• 1/2 cup instant oats
  • 1 tsp salt
  • 1/4 tsp turmeric powder
  • 1 tsp chicken stock granules
Part C
  • Water
  1. Put all ingredients from Part A in a large mixing bowl.
  2. Add in ingredients from Part B
  3. Mix well and ensure ingredients coated with flour. 
  4. Pour in water a little at a time, stop when mixture becomes a thick batter. 
  5. Heat enough oil for frying in a wok/frying pan.  Place a ladle in the oil to heat it up.  Remove the ladle and allow excess oil to drip off.
  6. Spoon enough batter to fill the ladle.  Gently lower batter into oil.  After 2 or 3 minutes, a crust will form at the bottom of the ladle, gently push the batter out of the ladle with the tip of a small knife.  Continue frying until it turns golden brown.
  7. Drain fritters on paper towels.
  8. Serve hot with some chilli sauce.  

Typically you will see a prawn on top of the fritters but i prefer to cut them into smaller pieces and mix them into the batter.  If you would like to have a whole prawn on top, at Step 6, press a prawn on top of the fritters before lowering it into the oil.   Here, i only did this for 3 fritters for the sake of taking pictures.    It's your choice :)

One more quirky oats treat...

This was originally a decent loaf of bread that i turned quirky by adding a triangular piece of Toblerone chocolate.   I came across the original recipe at Victoria's of Victoria Bakes, do hop over to her place for some awfully cute bakes.  We like the loaf made according to the original recipe.  One day while picking up some butter to make the loaf, the bar of Toblerone call out to me...why not i thought..since my son had quite a few bars lying around in the fridge. And like they say the rest is history! 

I have made this Toblerone loaf a couple of times already. The result was quite good, apart from making it a little chocolaty, its makes the loaf softer and creamier too.  My son was thrilled to know that the bread had Toblerone in it.  This time around, i lessen some flour and added some oats.  Of course the oats bit was kept a secret from the boy!  

It was good enough eaten with a slice of cheddar cheese :)

  1. My variations in blue.
  2. Skip to Step 3 if using breadmaker.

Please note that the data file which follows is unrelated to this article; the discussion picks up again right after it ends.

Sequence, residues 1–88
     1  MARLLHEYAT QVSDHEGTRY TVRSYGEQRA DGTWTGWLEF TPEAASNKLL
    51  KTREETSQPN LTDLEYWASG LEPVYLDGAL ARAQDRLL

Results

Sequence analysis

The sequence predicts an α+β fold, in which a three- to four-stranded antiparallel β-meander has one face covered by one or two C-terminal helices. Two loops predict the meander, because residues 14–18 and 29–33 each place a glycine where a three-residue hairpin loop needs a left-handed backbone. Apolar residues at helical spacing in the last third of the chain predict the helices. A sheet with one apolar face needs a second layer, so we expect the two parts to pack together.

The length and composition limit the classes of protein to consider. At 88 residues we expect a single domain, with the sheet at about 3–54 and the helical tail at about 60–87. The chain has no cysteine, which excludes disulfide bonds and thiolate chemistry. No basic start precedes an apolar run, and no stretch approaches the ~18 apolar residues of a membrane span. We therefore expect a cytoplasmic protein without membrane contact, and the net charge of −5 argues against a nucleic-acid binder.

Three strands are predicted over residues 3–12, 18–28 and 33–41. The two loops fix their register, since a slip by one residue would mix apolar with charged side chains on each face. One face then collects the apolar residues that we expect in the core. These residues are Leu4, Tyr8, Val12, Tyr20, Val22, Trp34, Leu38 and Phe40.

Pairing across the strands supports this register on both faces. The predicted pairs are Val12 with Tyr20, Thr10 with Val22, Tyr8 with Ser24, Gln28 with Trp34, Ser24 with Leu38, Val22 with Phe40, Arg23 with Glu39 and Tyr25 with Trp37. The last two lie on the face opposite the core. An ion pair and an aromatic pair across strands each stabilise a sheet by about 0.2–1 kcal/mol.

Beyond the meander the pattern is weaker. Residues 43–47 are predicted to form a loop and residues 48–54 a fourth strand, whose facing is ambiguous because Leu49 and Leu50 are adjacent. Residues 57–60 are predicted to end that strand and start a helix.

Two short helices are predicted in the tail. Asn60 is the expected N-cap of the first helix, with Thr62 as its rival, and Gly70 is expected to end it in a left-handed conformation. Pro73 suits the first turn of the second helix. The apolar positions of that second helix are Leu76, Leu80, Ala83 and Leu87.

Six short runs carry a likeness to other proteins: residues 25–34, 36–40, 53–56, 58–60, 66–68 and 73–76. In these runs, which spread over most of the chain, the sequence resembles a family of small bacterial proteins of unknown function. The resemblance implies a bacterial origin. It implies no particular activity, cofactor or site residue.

3. This recipe is a perfect fit for a 450g loaf pan/Pullman tin, just wait until it proofs up to fill the entire tin.
Source: Victoria Bakes

  • 250g bread flour (220g bread flour, 30g instant oats) 
  • 38g sugar (30g if Toblerone is added)
  • 25g piece of Toblerone chocolate (I used Crunchy Almond)
  • 2g salt
  • 4g yeast 
  • 135g buttermilk (1 tbsp lemon juice top then top up to 135ml milk and left aside for 5 minutes)
  • 30g butter
  • 30g egg (lightly beaten) (I used 1 small free range egg)
  1. Mix all dry ingredients and add milk and egg. Knead till you get soft  and pliable dough.
  2. Add in softened butter and knead till dough is soft, elastic but not sticky.
  3. Place all ingredients in the bread pan of the breadmaker (according to the recommended sequence stated in the instruction manual of the breadmaker).  Select Dough function.  
  4. Proof till dough until twice the original size. 
  5. Punch dough down, and divide into 3 equal portions (if using 450g loaf pan) (I used it whole)
  6. Rest dough for 10mins. Roll into a rectangular shape with one side not longer than length of pan/tin that will be used for baking.  Roll up dough like a swiss roll from the shorter side.
  7. Turn dough 90 degrees.  Roll it into a rectangular shape again as in step 6.  Roll up dough like a swiss roll again.  Seal seams and place in pan.
  8. Repeat the process for the other 2 dough if dough was divided into 3 portions.
  9. Proof dough till it is 80-90% filling up the pan
  10. Bake bread on lower rack of oven at 180 degrees C for 40mins